A couple who is expecting their first child travel around the U.S. in order to find a perfect place to start their family. Along the way, they have misadventures and find fresh connections with an assortment of relatives and old friends who just might help them discover "home" on their own terms for the first time.
Straight-laced Rose breaks off relations with her party girl sister, Maggie, over an indiscretion involving Rose's boyfriend. The chilly atmosphere is broken with the arrival of Ella, the grandmother neither sister knew existed.
A British investment broker inherits his uncle's chateau and vineyard in Provence, where he spent much of his childhood. He discovers a new laid-back lifestyle as he tries to renovate the estate to be sold.
Julien Janvier lost his mother young, drifted apart from his working class father and ever closer to confident Sophie Kowalsky, the Polish class outsider. Their dares game, symbolized by an... See full summary »
During France's belle époque before World War I, elegant cars, mansions, and servants defined the lives of les grandes horizontals, the courtesans of kings and millionaires. One of the most successful, Lea de Lonval, is approaching a certain age when an older associate, Charlotte Peloux, asks Lea to take on her 19 year old son, whom Lea has called Chéri since he was a child. They become lovers and, to their surprise, the relationship lasts six years. When it ends abruptly with a marriage his mother arranges to the daughter of another courtesan, Lea finds herself miserable. Has she fallen in love? If so, do she -- and Chéri - have any choices? Written by
Iben Hjejle was personally called up by director Stephen Frears and didn't know she was going to star opposite big Hollywood names before she began filming her first scene. See more »
In the closing credits, 'thanks' are given to France's national railway, the Societe National Chemin de Fer, known as the "SNCF". However the credits have the letters out of sequence, calling it the "SCNF". See more »
We may think ourselves familiar in this day and age with the notion that whores of every description can very easily achieve fame and fortune. But towards the end of the 19th century, there what came to be known in France as the "ballet park", a select group of courtesans, who became for a short period, the most celebrated and powerful women in the long history of prostitution.
See more »
One of the delights of this film is the lushness and perfection of the sets and costumes of the Belle Époque (c. 1890-1914). The sets and costumes are so gorgeous they threaten to overwhelm the actors. Threaten, but don't succeed. Michelle Pfeiffer is sensual and beautiful as the aging courtesan Leaa woman approaching a "certain age," as the narrator (Stephen Frears) informs us. Lea has known the love and admiration of the wealthiest men in Europe, many of them titled. She has been wise to keep her heart out of her affairs. Then Fred, ("Cheri") the son of another courtesan (Kathy Bates) enters Lea's life, and she finds herself caring for the aimless but charming young man more than she should.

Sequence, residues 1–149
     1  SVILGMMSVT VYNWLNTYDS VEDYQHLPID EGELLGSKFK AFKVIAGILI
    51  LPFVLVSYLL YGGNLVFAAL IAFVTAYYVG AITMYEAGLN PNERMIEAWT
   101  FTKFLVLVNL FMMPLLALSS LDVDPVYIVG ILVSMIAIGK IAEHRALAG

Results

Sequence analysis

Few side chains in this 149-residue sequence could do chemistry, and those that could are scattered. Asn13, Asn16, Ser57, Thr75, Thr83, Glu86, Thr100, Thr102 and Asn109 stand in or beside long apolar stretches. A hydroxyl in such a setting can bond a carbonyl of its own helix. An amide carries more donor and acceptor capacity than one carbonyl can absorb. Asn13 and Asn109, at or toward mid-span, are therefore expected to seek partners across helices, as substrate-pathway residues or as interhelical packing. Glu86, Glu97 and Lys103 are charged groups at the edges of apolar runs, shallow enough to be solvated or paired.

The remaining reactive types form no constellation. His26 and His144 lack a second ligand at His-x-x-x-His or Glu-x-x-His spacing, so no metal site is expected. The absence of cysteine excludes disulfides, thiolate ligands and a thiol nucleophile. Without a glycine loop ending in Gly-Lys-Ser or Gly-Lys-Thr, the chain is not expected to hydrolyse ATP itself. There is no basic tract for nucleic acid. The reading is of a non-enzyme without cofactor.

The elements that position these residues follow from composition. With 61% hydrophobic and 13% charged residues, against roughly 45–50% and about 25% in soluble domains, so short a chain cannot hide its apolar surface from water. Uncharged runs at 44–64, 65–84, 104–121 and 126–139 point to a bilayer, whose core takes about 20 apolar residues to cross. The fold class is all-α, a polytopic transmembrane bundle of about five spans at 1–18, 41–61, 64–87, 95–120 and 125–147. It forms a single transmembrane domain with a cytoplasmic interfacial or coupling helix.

Kathy Bates is wonderful as Madame Peloux, a former competitor of Lea'sa woman who, if you squint hard (and catch the "portrait" of a younger Peloux) you can imagine having a gamine charm years before. Bates' acting moves effortlessly from laughing delightedly at smutty gossip to quickly assuming the pouting self-righteous expression of a disapproving mama as she discusses her son. From former courtesan to bourgeois matron in the blink of an eye. Bates carries this quick switch act off several times in the movie, and it's a pleasure to watch her skill at these rapid changes. The sets and costumes of Mme. Peloux, heavy 2nd Empire furnishings, stiff wired dressed with bustles, are beautifully contrasted with Lea's lighter lookslender, graceful, light. The clothes each character wears, and the styles of their respective homes, gives some subtext to the story. Mme. Peloux, a bit older than Lea, had her taste formed in an era of overdone stuffy pretentiousness, while Lea, a bit younger, has embraced the airy beauty of Art Nouveau.
The stultifying life of aging and former courtesans is well-depictedunwelcome in respectable society they have to fall back on each other's company. Former competitors, they still can't help sniping at one another. Lea, as one of the youngest of the group, moves like a sylph among the faded charms of her cohort. One amazing scene: Among a bower of faded courtesans, one of them, a busty brassy red-head, cuddles and squeals like a teenager as she introduces her lover, a young man who's the son of one this woman's "official lovers." As she overwhelms the rather weedy young man with her caresses, the viewer can see Lea's discomfortseeing the loud red-head and her boy lover seems like seeing a grotesque mockery of herself and Cheri.
Cheri, the title character, is played by Rupert Friend (Prince Albert in "The Young Victoria," and Mr. Wickham in the 2005 version of "Pride and Prejudice"). He's a young man who has only two responsibilities: marry, and manage the large amount of money his mother settles on him at his marriage. He's a young man without purpose, but finds love with Lea. What starts as a light-hearted affair turns into a relationship both Cheri and Lea need more than they realized. Lea and Cheri's affair endsas does the wonderful era depicted in this gorgeous movie. The war ends Lea and Cheri's world. The 20th century starts with bleakness and hardness after the golden afternoon of La Belle Époque. We are indebted to Collette and Stephen Frears for showing us the loveliness, and even the artful decadence, of that time, and we are indebted to the talented cast for giving life to the "demi-monde" ("half-world") of that era.
8 of 8 people found this review helpful.
Was this review helpful to you?